When you suffer injuries due to the reckless and negligent actions of others, you may be entitled to compensation through a personal injury claim.
Personal injuries are an unfortunately common occurrence. They can happen in a variety of situations and when they do, you can suffer serious damages as a result. You may be unable to work or even perform simple daily activities while facing a mountain of medical bills. Even seemingly minor injuries can cause permanent disabilities which require ongoing medical care. When personal injuries happen due to the reckless and negligent actions of another person, you may be entitled to compensation in a claim.
When ‘Accidents’ Happen Due to Another’s Negligence
Personal injuries are often referred to as accidents. According to the Centers for Disease Control and Prevention (CDC), they send close to 40 million people to hospital emergency rooms each year. In many of these types of cases, it is the reckless actions of others that are ultimately to blame.
Negligence is at the heart of personal injury law and is key to qualifying for a personal injury case. Basically, it means that the person either took actions which put you at risk, or they failed to take the appropriate precautions to prevent accidents and injuries. Examples include:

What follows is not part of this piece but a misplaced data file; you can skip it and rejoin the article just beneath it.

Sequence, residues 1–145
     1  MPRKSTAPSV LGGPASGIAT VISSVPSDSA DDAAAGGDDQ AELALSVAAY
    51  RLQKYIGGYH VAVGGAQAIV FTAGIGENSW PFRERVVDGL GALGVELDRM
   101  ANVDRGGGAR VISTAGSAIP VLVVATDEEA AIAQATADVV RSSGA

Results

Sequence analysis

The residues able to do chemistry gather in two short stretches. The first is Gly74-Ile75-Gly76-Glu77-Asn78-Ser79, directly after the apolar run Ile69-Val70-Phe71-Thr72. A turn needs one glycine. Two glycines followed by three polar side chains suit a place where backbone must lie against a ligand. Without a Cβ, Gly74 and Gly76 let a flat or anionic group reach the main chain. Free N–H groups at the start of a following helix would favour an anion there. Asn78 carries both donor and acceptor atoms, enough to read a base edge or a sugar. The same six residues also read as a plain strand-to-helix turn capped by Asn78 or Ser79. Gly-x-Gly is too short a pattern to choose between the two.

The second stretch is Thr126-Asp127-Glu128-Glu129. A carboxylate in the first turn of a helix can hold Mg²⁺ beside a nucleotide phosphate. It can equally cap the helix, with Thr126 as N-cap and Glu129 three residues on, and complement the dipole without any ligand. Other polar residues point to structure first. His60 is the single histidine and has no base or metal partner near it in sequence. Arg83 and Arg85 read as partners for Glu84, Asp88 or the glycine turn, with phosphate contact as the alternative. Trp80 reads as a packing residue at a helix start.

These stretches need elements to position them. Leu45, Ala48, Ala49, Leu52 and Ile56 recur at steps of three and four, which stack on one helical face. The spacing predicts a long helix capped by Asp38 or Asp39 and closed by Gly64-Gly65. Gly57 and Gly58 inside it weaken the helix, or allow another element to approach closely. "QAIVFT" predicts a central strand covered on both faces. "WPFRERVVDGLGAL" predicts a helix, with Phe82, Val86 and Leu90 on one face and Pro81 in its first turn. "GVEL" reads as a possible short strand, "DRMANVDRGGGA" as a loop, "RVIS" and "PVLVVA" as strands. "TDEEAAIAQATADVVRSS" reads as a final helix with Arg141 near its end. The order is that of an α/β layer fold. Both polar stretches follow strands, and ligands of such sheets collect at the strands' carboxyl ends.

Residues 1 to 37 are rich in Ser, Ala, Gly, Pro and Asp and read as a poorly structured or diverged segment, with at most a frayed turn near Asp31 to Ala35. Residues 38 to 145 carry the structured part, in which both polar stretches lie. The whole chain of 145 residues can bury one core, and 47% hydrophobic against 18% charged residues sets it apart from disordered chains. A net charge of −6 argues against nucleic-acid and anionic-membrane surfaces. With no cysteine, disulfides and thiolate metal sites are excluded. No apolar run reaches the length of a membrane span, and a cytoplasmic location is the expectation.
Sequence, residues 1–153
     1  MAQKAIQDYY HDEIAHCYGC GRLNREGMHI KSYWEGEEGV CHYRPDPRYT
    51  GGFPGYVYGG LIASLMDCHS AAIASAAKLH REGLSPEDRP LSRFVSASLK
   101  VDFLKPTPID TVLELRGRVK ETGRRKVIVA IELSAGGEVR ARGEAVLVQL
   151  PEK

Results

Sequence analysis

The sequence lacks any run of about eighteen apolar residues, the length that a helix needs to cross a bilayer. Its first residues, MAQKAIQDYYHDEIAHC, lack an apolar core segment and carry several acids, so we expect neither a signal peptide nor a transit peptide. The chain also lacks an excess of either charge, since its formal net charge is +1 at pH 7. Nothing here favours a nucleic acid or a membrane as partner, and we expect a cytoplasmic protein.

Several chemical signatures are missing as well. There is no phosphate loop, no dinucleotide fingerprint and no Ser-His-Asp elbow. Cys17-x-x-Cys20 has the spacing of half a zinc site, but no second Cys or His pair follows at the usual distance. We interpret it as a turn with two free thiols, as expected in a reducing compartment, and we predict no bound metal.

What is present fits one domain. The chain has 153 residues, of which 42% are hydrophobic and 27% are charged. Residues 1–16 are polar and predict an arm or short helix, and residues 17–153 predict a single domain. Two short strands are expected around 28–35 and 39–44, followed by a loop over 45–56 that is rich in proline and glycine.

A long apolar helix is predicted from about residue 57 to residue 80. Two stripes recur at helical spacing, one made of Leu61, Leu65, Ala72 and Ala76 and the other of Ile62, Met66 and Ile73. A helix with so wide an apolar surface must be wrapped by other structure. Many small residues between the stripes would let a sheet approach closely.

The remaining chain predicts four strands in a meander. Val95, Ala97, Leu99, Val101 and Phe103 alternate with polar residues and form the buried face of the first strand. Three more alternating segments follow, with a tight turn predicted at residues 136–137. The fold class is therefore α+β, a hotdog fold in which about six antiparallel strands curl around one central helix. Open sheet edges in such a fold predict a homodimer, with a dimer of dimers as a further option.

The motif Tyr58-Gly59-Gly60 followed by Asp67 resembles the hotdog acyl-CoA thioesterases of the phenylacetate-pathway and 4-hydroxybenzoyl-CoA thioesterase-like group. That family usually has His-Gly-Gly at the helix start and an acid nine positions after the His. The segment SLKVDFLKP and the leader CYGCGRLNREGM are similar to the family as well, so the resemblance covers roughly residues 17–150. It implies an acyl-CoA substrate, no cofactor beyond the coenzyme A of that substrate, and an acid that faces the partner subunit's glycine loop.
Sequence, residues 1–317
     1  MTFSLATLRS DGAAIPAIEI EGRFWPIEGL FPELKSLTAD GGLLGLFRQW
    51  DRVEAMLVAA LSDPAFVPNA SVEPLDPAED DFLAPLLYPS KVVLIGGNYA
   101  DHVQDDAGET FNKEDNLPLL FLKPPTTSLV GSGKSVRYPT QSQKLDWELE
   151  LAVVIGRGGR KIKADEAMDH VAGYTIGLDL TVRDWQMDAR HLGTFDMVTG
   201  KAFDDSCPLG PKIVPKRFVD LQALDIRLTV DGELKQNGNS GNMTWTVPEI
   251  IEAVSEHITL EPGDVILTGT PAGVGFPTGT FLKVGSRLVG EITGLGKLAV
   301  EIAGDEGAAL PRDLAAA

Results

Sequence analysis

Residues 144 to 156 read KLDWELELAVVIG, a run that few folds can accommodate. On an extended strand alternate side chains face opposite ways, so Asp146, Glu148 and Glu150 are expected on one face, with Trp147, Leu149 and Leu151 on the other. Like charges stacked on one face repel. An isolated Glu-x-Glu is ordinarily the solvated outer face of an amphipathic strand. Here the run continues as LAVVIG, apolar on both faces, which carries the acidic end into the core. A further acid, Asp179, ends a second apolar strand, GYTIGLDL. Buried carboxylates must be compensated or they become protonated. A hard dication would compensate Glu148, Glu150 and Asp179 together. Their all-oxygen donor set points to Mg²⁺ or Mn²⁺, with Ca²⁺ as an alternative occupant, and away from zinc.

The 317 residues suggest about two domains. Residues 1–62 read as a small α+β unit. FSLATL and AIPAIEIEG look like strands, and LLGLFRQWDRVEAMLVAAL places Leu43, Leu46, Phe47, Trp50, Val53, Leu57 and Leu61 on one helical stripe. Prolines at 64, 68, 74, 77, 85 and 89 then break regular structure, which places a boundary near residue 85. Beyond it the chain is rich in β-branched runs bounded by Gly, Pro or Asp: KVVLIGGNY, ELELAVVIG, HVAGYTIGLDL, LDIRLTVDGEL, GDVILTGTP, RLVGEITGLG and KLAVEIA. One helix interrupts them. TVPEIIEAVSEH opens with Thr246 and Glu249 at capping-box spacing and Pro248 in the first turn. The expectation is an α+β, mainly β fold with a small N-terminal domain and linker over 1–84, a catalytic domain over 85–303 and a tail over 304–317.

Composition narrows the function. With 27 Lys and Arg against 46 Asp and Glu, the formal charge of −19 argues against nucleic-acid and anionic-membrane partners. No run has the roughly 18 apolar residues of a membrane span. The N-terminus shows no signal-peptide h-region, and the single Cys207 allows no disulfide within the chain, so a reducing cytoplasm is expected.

- Car, bike, and pedestrian accidents caused by drivers engaged in reckless behavior, such as speeding, running red lights, driving distracted, or being under the influence;
- Slip and fall injuries due to wet floors, uneven walkways, or poor lighting conditions;
- Getting struck by objects, such as loose fixtures, improperly stocked shelves, or debris in construction zones;
- Sports and recreational injuries, due to lack of proper training or safety precautions.
In these types of cases, having an experienced personal injury attorney on your side should be a top priority. They can gather the evidence needed to prove your claim while helping ensure you get the maximum amount you need to recover. Even if you were partially responsible for your accident or injuries, you may still qualify for a personal injury case.